B-400744, Convergys Corporation, January 21, 2009
DOCUMENT FOR PUBLIC RELEASE
The decision issued on the date below was subject to a GAO Protective Order. This redacted version has been approved for public release.
Protest that contracting agency unreasonably evaluated quotation as technically unacceptable is denied where the record shows that the evaluation was reasonable and consistent with the solicitation’s evaluation criteria.
Convergys Corporation, of Cincinnati, Ohio, protests the rejection of its quotation and the issuance of a task order to Lockheed Martin Services, Inc., of Rockville, Maryland, under request for quotations (RFQ) No. R-OPC-23349, issued by the Department of Housing and Urban Development for call center services to respond to inquiries received by the Client Management Center (CMC) of the Federal Housing Administration’s (FHA) Single Family Housing Program. The protester contends that the agency unreasonably evaluated its quotation.
The RFQ, issued on August 25, 2008, called for the issuance of a task order for specified call center support services; the RFQ was issued to call center contractors that had previously been awarded indefinite-delivery/indefinite-quantity contracts under the USA Contact multiple award contract, managed by the General Services Administration, providing for task order competitions for contact center work. The RFQ, which required a “turnkey multi-channel contact solution,” including facility, staff, equipment, and services, contemplated the issuance of a task order for a base year and four option periods based on the quotation deemed to represent “the greatest-value solution” under technical (including management plan, technical approach, facilities and technology infrastructure, past performance, and security plan) and price factors; the technical factor was to be significantly more important than price. RFQ attach. A at 0-1, attach. C, para. C.1-C.3. The RFQ advised that vendors “will be given the opportunity to clarify minor irregularities or apparent clerical mistakes” in the submissions and that the agency could make the selection based on initial quotations. Id. para. C.1
A vendor’s transition period had to be completed within 60 days from the assumed award date of September 24; in this regard, the RFQ specifically instructed that, although a shorter transition time could be proposed, “no timeframe beyond 60 days shall be considered.” RFQ attach. A at 1. The vendors were to describe how they would “fulfill the requirements . . . [and] not merely offer to . . . perform work in accordance with the stated requirements.” RFQ attach. B, para. B.2.1.3.a. Each quotation was to contain a phase-in plan demonstrating compliance with the 60-day transition period requirement, including detailed “plans and approaches for implementing the tasks and a detailed timeline identifying due dates for key deliverables and milestones that must be met during the phase-in process.” Id. para. B.2.1.3.d. The RFQ’s technical approach evaluation terms again emphasized that phase-in plans would be evaluated for compliance with the RFQ requirement for the vendor’s transition to be completed within 60 days; the vendors were advised that such evaluation would be conducted on a pass/fail basis, and that any firm providing a phase-in plan longer than 60 days would not be given further consideration in the evaluation for award. RFQ attach. C, para. C.2.1.2.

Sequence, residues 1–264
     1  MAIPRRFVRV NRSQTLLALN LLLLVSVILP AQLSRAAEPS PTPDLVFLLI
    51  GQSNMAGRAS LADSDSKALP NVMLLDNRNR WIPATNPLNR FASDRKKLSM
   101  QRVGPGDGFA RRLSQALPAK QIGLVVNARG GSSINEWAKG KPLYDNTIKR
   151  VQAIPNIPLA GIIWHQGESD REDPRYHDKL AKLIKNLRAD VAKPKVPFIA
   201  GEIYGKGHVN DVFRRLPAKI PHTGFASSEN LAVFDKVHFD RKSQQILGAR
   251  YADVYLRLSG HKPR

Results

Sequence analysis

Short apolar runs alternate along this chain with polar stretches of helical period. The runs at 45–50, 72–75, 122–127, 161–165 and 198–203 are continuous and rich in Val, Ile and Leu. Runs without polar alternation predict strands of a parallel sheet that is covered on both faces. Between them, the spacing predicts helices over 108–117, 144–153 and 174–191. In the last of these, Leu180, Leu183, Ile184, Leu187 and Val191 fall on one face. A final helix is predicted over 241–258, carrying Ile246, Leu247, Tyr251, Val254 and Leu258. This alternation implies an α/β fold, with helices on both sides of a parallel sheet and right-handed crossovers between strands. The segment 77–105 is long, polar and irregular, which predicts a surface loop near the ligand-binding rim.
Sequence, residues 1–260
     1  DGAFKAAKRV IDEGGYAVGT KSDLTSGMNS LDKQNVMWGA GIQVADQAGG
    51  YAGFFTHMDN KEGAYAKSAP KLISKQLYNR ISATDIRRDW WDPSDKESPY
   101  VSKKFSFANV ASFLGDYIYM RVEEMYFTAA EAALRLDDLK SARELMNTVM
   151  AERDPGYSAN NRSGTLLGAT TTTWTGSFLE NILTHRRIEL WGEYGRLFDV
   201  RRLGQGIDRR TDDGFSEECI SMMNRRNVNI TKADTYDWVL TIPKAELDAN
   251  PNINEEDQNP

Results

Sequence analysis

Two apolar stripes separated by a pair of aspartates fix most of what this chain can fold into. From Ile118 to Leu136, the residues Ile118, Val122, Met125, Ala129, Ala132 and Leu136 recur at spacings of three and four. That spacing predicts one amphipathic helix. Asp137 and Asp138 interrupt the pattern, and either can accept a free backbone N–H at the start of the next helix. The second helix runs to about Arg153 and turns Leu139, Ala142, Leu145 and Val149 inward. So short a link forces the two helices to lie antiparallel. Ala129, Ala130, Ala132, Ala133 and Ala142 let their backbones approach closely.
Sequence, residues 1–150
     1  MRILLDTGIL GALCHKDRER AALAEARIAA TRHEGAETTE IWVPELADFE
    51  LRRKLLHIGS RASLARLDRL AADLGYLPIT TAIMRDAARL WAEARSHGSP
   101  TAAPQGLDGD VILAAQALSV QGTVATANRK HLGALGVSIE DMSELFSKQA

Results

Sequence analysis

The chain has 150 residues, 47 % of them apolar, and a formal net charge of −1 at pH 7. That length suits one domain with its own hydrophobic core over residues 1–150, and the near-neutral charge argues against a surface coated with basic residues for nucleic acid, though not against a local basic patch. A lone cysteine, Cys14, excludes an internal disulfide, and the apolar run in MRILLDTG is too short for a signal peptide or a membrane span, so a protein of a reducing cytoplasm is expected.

In its quotation, Convergys stated that it is “fully prepared to meet” the 60-day transition requirement, that it “will transition operations of the FHA CMC program within 60 days with support from a specialized transition project manager,” and that it “understands that a complete transition of all FHA CMC activities must occur [within] 60 days of the award date, and we are confident that our solution meets that need.” Convergys Quotation at 2, 12 and 15. To show how it would meet the 60-day transition deadline, Convergys included, as appendix A to its quotation, a “Project Phase-In Plan,” composed of three separate timelines describing the tasks or activities, as well as the milestones (and associated dates for them), involved in its planned transition. The firm’s first phase-in plan timeline, labeled “Implementation Critical Milestones,” stated an estimated project start date of September 24 and estimated project finish date of December 3 (which represents a 70-day period). This timeline identified intended milestones in the firm’s phase-in plan listed under subject headings, including headings for project initiation, planning, implementation, and transition; the last two milestone entries under the heading “Transition” are “Ramp Completion” (to occur on Monday, November 24, which, as discussed further below, is 61 days from the assumed award date of September 24), and “Project Management Transition to Operations” (to occur on Wednesday, December 3, the 70th day from the award date).
The firm’s next phase-in plan timeline, labeled “Implementation Timeline,” included the same estimated project start and end dates (September 24 to December 3); under the “Transition” task heading, 10 tasks were listed, including “Ramp Completion” (on November 24) and “Project Management Transition to Operations” (on December 3).